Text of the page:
Sometimes political statements include would-be facts that pique our curiosity but aren’t of any special importance to the overall message. One such occurred during President Obama’s joint press conference with Thailand’s Prime Minister Yingluck Shinawatra:
PRESIDENT OBAMA: Well, let me just say, first of all, that democracy is not something that is static; it’s something that we constantly have to work on. The United States has the oldest democracy in the world, but we constantly have to, as citizens, work to make sure that it is working to include everybody, to make sure that the freedoms that are in our Constitution — the freedom of speech, the freedom of worship — that those are practiced and observed.
The president said the U.S. is the “oldest democracy in the world.” He’s not the first to say it. President George W. Bush said it before him. Filmmaker Michael Moore said it. Hillary Clinton said it.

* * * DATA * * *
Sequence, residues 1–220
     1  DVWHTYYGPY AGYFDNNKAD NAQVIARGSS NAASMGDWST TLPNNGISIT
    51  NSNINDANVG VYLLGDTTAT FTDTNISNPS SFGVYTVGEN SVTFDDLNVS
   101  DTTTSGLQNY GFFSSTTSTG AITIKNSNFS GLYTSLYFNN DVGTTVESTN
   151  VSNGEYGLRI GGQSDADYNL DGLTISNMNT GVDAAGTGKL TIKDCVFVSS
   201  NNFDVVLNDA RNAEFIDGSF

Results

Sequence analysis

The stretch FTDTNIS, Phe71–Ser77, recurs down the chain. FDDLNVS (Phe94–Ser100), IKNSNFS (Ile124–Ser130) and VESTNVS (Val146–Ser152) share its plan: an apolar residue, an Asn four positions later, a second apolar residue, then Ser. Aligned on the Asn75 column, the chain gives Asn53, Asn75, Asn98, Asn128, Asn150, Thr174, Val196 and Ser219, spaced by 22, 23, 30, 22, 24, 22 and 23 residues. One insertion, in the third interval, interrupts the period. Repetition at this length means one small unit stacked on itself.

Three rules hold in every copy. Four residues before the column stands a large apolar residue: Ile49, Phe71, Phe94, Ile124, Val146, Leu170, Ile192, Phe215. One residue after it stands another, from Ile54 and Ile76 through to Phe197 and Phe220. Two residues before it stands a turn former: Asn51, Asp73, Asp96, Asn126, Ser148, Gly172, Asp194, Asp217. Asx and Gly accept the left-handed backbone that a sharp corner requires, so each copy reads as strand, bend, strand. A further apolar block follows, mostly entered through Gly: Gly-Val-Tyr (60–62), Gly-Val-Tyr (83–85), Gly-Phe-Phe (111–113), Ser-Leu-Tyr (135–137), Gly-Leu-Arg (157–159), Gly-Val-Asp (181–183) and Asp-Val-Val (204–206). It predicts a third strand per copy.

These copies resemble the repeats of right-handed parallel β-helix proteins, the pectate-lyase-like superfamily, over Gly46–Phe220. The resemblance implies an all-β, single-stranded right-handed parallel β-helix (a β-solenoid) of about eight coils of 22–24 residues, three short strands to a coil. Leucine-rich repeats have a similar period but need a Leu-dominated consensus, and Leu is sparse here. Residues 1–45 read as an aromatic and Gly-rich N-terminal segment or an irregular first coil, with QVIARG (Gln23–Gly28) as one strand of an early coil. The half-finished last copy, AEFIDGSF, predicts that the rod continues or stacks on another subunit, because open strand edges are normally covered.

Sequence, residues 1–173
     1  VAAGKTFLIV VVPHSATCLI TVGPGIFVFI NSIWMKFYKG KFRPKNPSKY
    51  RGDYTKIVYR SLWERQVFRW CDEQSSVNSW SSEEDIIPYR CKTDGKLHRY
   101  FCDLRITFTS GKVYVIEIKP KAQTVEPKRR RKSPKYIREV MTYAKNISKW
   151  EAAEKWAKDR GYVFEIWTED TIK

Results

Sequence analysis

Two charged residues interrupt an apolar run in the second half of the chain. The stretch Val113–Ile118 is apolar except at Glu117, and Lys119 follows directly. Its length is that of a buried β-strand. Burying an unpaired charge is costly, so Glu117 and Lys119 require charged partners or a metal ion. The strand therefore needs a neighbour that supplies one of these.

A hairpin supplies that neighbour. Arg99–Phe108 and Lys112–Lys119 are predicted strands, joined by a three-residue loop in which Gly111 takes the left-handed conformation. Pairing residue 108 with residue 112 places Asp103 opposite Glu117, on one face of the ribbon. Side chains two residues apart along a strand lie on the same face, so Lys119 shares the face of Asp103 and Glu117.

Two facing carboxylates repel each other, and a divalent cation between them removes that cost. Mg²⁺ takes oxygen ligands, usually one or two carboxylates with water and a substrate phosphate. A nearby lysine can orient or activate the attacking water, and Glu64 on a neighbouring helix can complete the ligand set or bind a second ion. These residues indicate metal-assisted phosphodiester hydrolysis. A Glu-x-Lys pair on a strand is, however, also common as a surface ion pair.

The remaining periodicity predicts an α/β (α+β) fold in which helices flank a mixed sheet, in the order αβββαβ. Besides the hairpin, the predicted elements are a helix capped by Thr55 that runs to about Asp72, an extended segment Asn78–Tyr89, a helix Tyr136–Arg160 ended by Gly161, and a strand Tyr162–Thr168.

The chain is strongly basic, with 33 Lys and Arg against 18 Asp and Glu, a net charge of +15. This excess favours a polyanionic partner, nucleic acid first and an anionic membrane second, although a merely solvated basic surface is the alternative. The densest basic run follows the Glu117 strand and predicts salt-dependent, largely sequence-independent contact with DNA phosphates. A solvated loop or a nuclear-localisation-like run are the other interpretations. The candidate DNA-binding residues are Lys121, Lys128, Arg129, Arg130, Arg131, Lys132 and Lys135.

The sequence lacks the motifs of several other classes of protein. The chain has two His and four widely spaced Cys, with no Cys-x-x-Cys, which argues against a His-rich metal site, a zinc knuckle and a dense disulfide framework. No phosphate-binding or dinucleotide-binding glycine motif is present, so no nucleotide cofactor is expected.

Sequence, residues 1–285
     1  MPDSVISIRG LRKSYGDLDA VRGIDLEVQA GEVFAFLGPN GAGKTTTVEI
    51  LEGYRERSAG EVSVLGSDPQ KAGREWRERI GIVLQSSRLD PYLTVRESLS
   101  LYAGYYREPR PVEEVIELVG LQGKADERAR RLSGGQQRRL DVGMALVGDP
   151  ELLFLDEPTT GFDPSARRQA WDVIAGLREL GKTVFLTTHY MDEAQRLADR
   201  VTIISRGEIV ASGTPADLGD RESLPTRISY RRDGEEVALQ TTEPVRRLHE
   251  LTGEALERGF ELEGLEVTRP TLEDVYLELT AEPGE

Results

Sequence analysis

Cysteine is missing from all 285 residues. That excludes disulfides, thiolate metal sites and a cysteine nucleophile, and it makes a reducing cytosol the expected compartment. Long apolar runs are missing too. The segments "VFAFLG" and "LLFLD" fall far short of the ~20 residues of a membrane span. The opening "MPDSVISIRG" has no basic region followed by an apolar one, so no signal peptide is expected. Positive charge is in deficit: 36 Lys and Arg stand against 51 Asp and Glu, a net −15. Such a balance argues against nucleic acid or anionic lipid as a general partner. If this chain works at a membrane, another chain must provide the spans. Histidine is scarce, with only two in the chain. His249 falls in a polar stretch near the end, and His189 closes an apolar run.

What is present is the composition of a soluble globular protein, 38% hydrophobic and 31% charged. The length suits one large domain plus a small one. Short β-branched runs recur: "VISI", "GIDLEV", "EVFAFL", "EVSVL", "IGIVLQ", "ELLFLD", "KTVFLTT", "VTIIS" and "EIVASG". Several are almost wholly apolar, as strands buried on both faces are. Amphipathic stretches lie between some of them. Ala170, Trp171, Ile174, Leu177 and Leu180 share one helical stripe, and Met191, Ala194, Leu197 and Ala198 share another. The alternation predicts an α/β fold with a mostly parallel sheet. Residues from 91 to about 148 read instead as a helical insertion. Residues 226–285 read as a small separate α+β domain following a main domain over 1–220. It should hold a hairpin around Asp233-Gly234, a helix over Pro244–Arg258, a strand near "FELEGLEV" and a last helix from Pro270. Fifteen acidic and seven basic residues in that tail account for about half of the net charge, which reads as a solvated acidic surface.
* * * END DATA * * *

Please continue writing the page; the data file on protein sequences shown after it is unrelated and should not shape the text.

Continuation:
What’s the truth?
Other nations developed working democracies long before the U.S., so taken charitably the statement probably is supposed to mean that the U.S. has the longest run as a democracy up through the present.
Using that understanding, the U.S. might qualify as the oldest democracy if one narrows the term sufficiently.
Great Britain and tiny San Marino also make claims as the oldest democracy.
The spotty history and weak current state of the Six Nations along with Iceland’s relatively recent constitution could serve to weaken their claims . Some might disqualify Great Britain because of its monarchy and extensive parliamentary reform. Some might disqualify San Marino on the basis of its small size.
With careful parsing one might sustain the claim that the U.S. is the oldest modern democracy.
We don’t see much point in pressing the claim. Nor do we see much point in disputing it. The U.S. is the most obvious sustained model of self-governance in the world. Let’s just leave it at that.